“We say seeing is believing, but actually, we are much better at believing than seeing. In fact, we are seeing what we believe all the time and occasionally, what we can’t believe.” – Robert Anton Wilson
Gemba walks are a critical continuous improvement technique. They are useful for leaders at every level but particularly eye-opening for executives and other top-level managers. Why? The simple process of going to the place where works is done, showing respect for workers, asking questions, and reflecting on observations can change one’s perception of how well a process is operating. It also offers an opportunity to build trust and increase employee engagement. Many direct supervisors and mid-level managers practice Gemba walks, especially in Lean organizations, but it is important for executives to do them as well. That’s why we’ve put together this Gemba walk template for executives. It addresses elements that would be less important to managers who are closer to the process daily.
Step 1: Inform site(s) or department(s) in advance that you will be visiting and conducting a Gemba walk.
No one likes to be surprised by a visit from the big boss, so make sure that everyone knows you are coming to keep people from feeling ambushed. After all, Gemba walks are about respect and observation of processes, not about employee performance management.
Step 2: Respect the department or process by keeping your commitment to the Gemba walk and arriving on time.
This might seem rather basic, but showing respect means demonstrating the behaviors that you would like your employees to practice. If the location requires protective equipment, be sure to be prepared and ready to go on time.
Step 3: Introduce yourself and describe the purpose of your visit.
You want to get the walk off on the right foot so be sure to help people get comfortable with your presence. Make sure they understand exactly why you have paid a visit and what you will be observing. Of course, this means that you will need to have considered the process or department ahead of time and defined your goals.
Step 4: Explain what will happen after the visit.
Make it clear that you will not suggest changes during your Gemba walk, but instead, you will consider your observations after it is over and provide feedback at that time.
Step 5: Keep the size of the group manageable.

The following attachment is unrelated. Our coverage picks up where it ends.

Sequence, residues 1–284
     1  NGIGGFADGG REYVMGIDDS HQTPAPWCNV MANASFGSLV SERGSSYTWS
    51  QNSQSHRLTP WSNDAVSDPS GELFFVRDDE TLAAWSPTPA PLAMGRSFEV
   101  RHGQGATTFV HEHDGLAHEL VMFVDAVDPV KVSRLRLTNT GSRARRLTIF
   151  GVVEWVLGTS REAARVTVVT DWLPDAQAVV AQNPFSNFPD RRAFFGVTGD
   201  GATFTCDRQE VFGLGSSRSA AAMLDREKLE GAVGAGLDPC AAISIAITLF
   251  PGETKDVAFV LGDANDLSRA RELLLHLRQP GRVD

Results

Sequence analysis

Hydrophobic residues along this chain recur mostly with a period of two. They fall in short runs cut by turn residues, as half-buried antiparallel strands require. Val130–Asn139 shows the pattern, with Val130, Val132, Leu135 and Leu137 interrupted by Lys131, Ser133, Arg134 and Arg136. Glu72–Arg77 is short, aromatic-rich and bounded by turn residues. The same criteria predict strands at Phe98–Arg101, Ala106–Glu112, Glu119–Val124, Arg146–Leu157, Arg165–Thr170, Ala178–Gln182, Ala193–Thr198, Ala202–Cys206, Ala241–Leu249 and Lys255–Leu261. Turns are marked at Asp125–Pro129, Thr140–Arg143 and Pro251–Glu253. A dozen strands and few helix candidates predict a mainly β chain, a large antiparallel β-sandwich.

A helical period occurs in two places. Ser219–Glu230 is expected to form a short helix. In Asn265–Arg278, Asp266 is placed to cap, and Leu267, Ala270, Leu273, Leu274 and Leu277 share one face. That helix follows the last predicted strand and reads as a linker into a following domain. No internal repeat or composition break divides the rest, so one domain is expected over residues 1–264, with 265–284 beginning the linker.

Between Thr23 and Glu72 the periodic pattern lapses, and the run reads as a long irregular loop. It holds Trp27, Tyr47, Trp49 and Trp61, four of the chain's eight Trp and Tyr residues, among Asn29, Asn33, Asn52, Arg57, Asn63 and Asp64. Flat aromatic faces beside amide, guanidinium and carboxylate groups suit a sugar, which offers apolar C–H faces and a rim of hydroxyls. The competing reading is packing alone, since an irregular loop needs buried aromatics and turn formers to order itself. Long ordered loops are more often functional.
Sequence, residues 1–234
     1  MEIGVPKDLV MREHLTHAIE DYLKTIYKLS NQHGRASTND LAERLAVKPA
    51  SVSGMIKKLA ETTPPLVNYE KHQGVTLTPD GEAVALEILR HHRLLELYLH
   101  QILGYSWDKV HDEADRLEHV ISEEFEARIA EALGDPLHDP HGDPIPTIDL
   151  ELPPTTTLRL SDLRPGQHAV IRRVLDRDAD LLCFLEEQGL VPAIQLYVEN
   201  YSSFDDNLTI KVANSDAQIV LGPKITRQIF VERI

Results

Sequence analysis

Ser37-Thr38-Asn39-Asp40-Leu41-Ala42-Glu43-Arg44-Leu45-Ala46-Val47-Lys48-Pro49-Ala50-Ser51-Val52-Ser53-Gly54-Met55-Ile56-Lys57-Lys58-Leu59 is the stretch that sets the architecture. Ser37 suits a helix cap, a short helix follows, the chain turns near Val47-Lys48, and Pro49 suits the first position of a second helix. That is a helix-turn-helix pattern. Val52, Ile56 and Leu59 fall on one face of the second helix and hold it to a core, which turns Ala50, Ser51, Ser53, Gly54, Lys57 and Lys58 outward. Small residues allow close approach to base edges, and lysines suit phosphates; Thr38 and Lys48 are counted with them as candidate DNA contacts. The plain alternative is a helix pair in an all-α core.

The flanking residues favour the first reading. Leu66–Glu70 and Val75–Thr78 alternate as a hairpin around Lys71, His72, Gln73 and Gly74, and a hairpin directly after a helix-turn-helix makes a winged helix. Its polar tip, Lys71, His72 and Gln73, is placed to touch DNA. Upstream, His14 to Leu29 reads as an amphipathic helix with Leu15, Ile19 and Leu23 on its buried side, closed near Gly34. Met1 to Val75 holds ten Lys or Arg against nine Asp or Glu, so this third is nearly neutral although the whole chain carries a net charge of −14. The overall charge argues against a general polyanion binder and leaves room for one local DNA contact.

You won’t just be walking around when you visit the Gemba. You will be asking questions and building trust, so be thoughtful about how many people are involved.
Step 6: Invite the process owner on your walk.
This is another way to show respect and hopefully increase the comfort level of the team. In addition, the process owner may learn new insights based on the questions you ask, and they will be your ally when it comes to implementing any opportunities for improvement.
Step 7: Make sure to observe all of the core activities of the area or process being visited.
You should plan to observe process inputs, activities, and outputs. Some parts of the process might not be obviously visible, so be careful that nothing important is missed.
Step 8: Ask questions.
In his book, Toyota Kata, Mike Rother crafted a five-question coaching dialogue based on his research into Toyota’s management practices. The five questions are:
1. What is the target condition?
2. What is the actual condition now?
3. What obstacles do you think are preventing you from reaching the target condition and which one are you addressing now?
4. What is your next step or experiment and what do you expect to happen?
5. How quickly can we find out what we have learned from taking that step?
There may be additional relevant questions for your walk, but these form a good start.
Step 9: Listen.
Listening without jumping in or getting distracted can be difficult, but it is essential that employees feel heard. If an explanation doesn’t get right to the point, that might tell you something about the need for more clarity around standard work.
Step 10: Gather feedback.
At the end of your Gemba walk, give the team the opportunity to provide feedback on the experience. Consider their input when you plan your next walk and give them the opportunity to give you essential information that you did not already address.
Step 11: Validate your observations.
After you’ve finished your walk and considered potential opportunities for improvement, be sure to validate those observations with the people doing the work. The goal is to create a feedback loop that goes both ways so that everyone is invested in the outcome of any changes you might make.
We hope this Gemba walk template has been useful. Like any improvement technique, it will get more natural and more effective the more you do it.
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